The Rise of Addiction in Teenagers

Drug and alcohol use in teenagers is on the increase, and there are some key factors in this disturbing trend. Part of the problem is that young people’s brains are still developing, so when they start using drugs and alcohol at an early age they are putting themselves at greater risk for both brain damage and chemical dependence.

One factor is the prevalence of new, harsh, experimental drugs that teens are trying in addition to the already existing drugs and alcohol. There are so many more substances for them to try than there were even a few years ago. Along with these new drugs is the culture perpetuating them in today’s music, television, movies, and video games. Celebrities will outright brag about their drug use in lyrics, about drunk driving, about casual sex with multiple partners. It is a culture of risk, of rebellion against the status quo, of the thrill of taking chances with our lives and safety. Popular phrases such as “YOLO (You only live once)” encourage young people to take risks without thinking about their long-term well-being. Teens want to be seen as cool and popular by their friends, and by the ever-growing world of social media, so they follow the trends of experimenting with sex and harmful drugs in their attempt to fit in. The over-sexualization of popular media also encourages drug and alcohol use in order to be perceived as attractive, sexy and desirable. Teens are being taught that substances and sex are the way to prove their coolness, with very damaging consequences.

Teens get drugs from their friends, but they also have access to them within the home. There are more cases of young people stealing their parents’ medications without their knowledge. They are experimenting with both illicit drugs and prescription medications, as well as toxic substances found in the home such as Tide pods – anything to numb their feelings of insecurity, sadness, anxiety, fear, boredom, loneliness. Many of them aren’t developing healthy coping mechanisms such as talking to a trusted loved one or using creative self-expression to process their feelings. Many teens aren’t learning to develop healthy discernment and judgment. They aren’t learning to be self-protective.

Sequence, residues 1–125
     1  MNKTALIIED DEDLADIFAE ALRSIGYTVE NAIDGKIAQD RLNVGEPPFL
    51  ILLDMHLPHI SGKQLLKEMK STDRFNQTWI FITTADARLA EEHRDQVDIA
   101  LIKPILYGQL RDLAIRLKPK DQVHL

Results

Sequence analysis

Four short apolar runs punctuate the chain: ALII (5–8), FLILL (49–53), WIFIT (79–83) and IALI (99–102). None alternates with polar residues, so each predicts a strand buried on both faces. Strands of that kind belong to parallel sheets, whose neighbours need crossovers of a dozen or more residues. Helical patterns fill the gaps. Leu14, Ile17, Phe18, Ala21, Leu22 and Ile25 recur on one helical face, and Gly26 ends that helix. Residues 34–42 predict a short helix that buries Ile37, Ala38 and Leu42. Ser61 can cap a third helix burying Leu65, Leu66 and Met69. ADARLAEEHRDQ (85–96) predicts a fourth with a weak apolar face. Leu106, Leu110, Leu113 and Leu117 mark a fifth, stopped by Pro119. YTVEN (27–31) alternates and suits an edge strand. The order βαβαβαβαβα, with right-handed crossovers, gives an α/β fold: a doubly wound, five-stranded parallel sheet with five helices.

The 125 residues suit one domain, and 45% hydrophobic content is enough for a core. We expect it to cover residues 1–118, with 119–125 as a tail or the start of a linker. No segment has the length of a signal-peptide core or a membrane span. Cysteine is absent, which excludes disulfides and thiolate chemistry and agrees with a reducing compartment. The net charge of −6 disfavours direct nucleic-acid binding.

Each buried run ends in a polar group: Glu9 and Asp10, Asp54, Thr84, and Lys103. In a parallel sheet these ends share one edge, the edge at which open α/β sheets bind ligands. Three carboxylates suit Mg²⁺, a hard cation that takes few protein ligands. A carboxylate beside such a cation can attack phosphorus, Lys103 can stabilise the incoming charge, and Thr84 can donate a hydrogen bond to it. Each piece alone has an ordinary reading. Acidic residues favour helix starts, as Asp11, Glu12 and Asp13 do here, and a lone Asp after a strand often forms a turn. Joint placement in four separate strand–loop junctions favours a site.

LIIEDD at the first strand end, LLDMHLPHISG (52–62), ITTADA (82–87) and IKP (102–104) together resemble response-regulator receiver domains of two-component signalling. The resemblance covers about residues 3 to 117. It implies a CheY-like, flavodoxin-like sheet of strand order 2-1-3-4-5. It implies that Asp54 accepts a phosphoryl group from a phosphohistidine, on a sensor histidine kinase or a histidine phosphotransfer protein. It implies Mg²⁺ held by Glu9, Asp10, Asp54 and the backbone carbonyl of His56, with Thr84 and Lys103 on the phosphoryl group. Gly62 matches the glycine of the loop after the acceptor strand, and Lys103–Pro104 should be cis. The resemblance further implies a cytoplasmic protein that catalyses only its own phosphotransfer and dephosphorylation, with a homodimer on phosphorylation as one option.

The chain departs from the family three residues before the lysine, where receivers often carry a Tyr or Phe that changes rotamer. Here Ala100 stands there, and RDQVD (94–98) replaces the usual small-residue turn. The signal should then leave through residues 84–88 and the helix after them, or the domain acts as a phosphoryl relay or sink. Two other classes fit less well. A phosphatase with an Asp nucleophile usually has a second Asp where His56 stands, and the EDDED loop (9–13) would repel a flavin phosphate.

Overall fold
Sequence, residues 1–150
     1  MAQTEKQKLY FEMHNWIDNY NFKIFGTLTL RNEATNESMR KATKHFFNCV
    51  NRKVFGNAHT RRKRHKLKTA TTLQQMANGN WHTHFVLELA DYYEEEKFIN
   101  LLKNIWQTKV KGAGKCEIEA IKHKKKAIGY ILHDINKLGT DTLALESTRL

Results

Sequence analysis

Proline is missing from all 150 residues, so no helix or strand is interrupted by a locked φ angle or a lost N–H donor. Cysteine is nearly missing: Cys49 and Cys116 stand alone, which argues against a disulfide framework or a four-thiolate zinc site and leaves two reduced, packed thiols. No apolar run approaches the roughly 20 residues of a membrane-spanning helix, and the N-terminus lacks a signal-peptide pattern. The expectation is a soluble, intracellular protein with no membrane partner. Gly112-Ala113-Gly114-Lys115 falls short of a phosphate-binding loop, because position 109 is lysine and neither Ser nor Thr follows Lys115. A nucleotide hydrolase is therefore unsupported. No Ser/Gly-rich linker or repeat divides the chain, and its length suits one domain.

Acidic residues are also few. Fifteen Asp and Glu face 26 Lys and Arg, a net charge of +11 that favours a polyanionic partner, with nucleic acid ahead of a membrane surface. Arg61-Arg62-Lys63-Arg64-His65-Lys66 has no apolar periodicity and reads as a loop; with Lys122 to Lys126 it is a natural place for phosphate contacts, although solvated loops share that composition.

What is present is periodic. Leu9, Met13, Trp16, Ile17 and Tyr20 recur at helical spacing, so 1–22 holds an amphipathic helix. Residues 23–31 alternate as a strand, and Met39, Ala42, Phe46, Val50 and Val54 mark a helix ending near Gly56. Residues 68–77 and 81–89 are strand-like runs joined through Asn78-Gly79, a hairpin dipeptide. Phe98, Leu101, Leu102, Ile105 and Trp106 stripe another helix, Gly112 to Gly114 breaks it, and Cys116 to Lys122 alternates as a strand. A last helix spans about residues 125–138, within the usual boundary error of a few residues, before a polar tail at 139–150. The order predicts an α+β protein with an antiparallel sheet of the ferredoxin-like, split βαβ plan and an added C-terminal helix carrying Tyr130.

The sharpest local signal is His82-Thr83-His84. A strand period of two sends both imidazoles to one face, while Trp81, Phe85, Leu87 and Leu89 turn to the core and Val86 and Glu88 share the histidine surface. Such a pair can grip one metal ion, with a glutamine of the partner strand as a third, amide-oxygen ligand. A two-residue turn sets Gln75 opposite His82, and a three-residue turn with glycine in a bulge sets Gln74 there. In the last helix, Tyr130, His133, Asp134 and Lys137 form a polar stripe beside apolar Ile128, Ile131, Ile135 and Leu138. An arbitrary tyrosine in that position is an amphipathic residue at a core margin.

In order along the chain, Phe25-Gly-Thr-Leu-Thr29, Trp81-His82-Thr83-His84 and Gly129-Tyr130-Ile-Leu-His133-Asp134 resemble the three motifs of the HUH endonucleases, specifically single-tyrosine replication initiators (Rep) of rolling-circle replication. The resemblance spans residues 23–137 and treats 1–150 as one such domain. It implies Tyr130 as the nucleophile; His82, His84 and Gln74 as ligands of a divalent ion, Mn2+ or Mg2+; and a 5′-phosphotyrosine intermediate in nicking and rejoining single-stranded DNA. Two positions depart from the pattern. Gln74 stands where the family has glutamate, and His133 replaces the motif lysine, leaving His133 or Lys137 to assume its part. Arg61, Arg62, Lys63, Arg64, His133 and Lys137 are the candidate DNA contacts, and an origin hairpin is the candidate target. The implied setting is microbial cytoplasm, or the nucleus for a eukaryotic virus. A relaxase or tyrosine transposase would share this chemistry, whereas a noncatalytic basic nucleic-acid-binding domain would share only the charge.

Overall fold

Not long ago, teens socialized at school dances or had house parties when their parents were out of town. Now they are having bigger and bigger parties, are attending college parties as young kids, and are even getting into adult events, concerts and nightclubs, all of which have endless supplies of drugs and alcohol. With the spread of social media, more young people are turning to these things to have fun, to be cool, to rebel, and to escape the sources of unhappiness in their lives.

Treatment at Riverside includes family therapy and workshops. Call (800) 871-5440.